The future of documents

A few weeks ago I recorded a conversation about the future of documents with Francois Ragnet, an internal champion of big ideas at Xerox Global Services.

As you can well imagine, the future of documents is more than a curiosity for a company famous for its Palo Alto Research Center (Xerox Parc) and world-changing computing innovations such as the graphical user interface and computer mouse – but still synonymous with copying machines. Today Xerox is a major provider of consulting and outsourced printing for big companies that churn out boatloads of paper.

Among other things, Francois and I discussed how social media and the changing nature of the document enable a new kind of workplace powered by real-time knowledge sharing and perpetual creativity. We’re already seeing the rise of the networked work experience. Legions of loosely organized, cloud-powered solo entrepreneurs, contractors and free agents work at home, in coffee shops and in co-working collaboration hubs like our own WeSpace in Reston, Virginia.

What does all that have to do with documents?

Here’s a starting point: Our culture is built around documents. Whether it’s contracts, invoices, magazines, Microsoft Word or Google docs, legal records, blog posts, cave paintings, paychecks or even cash, it’s hard to imagine organized society without something that looks or acts or at least represents a collection of words, numbers, pictures and ideas fashioned into a human-readable format that we call a document.

I can imagine paperless news and a paperless workplace. I can’t imagine a society without documents.

What’s worse, the more I think about it, the less sure I am of exactly what I mean by the term “document.”

As the information required to organize our lives becomes more distributed, atomized, personalized and streamed, like magic, from unseen computers in the invisible digital cloud, the distinctions between disorganized data, loosely organized content, curated documents and full-fledged media experiences – or products – becomes fuzzier. Is a Tweetdeck dashboard, which displays a realtime stream of Twitter updates, a document? How about a screenshot of it? What about a Google Docs spreadsheet shared and updated continuously by a distributed work group, or a personalized newsletter delivered to your email inbox and posted to your Facebook wall – where friends “like” it and add comments?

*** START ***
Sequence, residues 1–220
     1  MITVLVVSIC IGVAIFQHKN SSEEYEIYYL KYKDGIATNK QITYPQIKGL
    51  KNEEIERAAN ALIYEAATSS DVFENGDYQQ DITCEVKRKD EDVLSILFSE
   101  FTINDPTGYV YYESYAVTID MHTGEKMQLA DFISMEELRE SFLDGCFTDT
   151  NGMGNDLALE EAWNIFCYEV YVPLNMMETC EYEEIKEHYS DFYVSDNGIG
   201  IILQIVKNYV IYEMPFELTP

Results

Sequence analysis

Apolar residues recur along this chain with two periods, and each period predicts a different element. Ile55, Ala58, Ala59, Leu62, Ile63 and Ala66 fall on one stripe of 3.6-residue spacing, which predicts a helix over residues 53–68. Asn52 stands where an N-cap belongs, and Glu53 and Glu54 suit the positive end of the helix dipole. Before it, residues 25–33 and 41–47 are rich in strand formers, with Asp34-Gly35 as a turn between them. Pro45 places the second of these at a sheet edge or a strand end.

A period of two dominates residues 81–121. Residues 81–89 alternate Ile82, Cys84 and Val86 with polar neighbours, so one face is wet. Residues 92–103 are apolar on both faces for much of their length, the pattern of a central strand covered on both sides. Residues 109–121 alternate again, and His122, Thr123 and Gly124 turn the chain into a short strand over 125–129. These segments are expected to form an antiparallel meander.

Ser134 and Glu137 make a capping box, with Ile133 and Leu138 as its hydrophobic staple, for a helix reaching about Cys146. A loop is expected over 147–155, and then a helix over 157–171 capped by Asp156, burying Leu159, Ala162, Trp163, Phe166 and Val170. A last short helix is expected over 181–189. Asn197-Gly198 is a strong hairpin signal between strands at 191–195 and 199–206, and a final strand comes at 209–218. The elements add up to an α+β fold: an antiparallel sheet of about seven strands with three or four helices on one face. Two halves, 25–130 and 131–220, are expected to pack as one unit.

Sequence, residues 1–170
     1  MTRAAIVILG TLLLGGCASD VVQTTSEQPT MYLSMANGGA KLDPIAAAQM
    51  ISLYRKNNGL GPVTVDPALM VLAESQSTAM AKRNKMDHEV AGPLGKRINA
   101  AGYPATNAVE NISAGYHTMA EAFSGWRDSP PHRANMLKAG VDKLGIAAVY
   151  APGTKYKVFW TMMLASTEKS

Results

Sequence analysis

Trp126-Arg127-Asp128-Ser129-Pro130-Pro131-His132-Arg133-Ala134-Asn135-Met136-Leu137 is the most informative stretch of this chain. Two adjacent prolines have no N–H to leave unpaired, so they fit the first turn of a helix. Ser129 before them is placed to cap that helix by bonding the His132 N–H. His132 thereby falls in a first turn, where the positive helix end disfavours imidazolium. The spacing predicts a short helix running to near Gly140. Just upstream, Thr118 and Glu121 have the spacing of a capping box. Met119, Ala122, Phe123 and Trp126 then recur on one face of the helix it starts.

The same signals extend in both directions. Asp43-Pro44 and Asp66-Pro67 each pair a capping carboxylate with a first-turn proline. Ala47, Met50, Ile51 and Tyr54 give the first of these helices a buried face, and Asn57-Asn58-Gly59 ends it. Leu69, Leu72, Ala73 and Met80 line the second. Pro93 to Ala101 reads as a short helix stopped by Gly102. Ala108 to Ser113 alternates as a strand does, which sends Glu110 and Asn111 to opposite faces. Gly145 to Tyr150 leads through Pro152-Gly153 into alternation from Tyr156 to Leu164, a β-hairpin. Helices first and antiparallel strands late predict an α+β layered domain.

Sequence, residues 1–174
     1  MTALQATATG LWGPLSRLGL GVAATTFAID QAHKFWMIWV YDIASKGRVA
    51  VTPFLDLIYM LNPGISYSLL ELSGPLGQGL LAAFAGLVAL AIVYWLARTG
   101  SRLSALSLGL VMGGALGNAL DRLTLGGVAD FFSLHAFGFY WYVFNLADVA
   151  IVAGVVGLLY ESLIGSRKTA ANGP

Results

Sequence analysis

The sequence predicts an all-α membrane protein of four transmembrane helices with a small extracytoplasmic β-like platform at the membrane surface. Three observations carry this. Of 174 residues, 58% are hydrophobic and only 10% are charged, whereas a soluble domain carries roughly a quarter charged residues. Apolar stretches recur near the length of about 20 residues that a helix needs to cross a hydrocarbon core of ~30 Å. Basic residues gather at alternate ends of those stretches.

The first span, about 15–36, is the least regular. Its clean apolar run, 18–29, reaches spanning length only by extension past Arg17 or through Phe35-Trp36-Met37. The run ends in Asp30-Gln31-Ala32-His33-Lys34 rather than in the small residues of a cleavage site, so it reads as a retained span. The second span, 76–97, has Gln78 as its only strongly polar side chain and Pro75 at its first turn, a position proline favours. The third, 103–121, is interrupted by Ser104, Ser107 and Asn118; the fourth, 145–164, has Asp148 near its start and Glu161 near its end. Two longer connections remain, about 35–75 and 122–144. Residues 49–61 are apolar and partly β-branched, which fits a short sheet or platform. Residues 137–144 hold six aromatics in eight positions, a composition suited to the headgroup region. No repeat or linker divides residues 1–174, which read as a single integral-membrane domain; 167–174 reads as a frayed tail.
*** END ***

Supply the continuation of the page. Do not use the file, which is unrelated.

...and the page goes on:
What, exactly, is a “document” in a world of apps, screens and perpetually changing representations of information? Storify, a new web service, helps people create documents of documents – it’s a drag-and-drop tool to collect content from whatever online sources they like (Or, so it appears from what I’ve seen of it – I’m still awaiting access to the private beta so I can give it a try).

We know intuitively what we mean by a physical document, but what about information, knowledge and ideas that are not fixed in space and time? They’re revised, redacted, retracted, redesigned and refreshed continuously – like the advertisements and futuristic edition of USAToday from the 2002 movie Minority Report.

Of course, a digital newspaper, even on fabulous e-ink that’s vastly more capable than what you get now with a Kindle, is a modest mental leap forward from a world already hooked on the web, mobile apps, iPads and the like. But packaged news is just one kind of document, it’s already digital, ephemeral and hardly the most important document in our lives. How about your medical records, photo collections or online banking records?

What happens when realtime touches everything?

Have a listen, then please add your thoughts.

The podcast is broken into four parts, or click here to listen to the entire conversation.

Part One
What is a document in the age of social media? Is it time to update your definition?

Part Two
How will “social documents” impact organizations and knowledge workers?

Part Three
What are the social implications of virtual work?
Is there a clear vision for a cloud-based, app-driven workplace?

Part Four
What will become of security and privacy in an information overloaded world?

Photo Credit: By Ludovic Bertron

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